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J Addict Med. 2012 Dec;6(4):280-6. doi: 10.1097/ADM.0b013e318262a97a.

Financial factors and the implementation of medications for treating opioid use disorders.

Author information

1
Department of Behavioral Science, Center on Drug and Alcohol Research, University of Kentucky, Lexington, KY 40536, USA. Hannah.Krudsen@uky.edu

Abstract

OBJECTIVES:

Despite the established effectiveness of pharmacotherapies for treating opioid use disorders, implementation of medications for addiction treatment (MAT) by specialty treatment programs is limited. This research examined relationships between organizational factors and the program-level implementation of MAT, with attention paid to specific sources of funding, organizational structure, and workforce resources.

METHODS:

Face-to-face structured interviews were conducted in 2008 to 2009 with administrators of 154 community-based treatment programs affiliated with the National Institute on Drug Abuse's Clinical Trials Network; none of these programs exclusively dispensed methadone without offering other levels of care. Implementation of MAT was measured by summing the percentages of opioid patients receiving buprenorphine maintenance, methadone maintenance, and tablet naltrexone. Financial factors included the percentages of revenues received from Medicaid, private insurance, criminal justice, the Federal block grant, state government, and county government. Organizational structure and workforce characteristics were also measured.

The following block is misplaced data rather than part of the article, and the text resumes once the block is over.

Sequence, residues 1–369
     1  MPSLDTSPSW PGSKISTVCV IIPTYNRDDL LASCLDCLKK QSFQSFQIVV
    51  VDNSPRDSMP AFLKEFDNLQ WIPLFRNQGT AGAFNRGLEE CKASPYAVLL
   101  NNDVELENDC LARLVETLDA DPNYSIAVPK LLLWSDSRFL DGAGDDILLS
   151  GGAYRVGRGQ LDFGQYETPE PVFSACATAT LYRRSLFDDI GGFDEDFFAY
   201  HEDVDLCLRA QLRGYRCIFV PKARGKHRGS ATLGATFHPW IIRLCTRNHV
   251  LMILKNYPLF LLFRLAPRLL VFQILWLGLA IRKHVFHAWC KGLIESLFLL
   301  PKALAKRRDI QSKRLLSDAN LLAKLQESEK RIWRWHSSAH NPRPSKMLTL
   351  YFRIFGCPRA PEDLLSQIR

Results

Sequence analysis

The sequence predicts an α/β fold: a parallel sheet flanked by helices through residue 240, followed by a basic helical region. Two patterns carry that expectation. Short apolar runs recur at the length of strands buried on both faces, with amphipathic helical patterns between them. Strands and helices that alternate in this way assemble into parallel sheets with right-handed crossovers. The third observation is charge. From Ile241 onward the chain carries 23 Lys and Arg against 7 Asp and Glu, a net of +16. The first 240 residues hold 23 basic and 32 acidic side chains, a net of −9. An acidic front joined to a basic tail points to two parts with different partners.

RESULTS:

Implementation of MAT for opioid use disorders was low. Greater reliance on Medicaid was positively associated with implementation after controlling for organizational structure and workforce measures, whereas the association for reliance on criminal justice revenues was negative.

CONCLUSIONS:

The implementation of MAT for opioid use disorders by specialty addiction treatment programs may be facilitated by Medicaid but may be impeded by reliance on funding from the criminal justice system. These findings point to the need for additional research that considers the impact of organizational dependence on different types of funding on patterns of addiction treatment practice.

PMID:
22810057
PMCID:
PMC3492536
DOI:
10.1097/ADM.0b013e318262a97a
[Indexed for MEDLINE]
Free PMC Article
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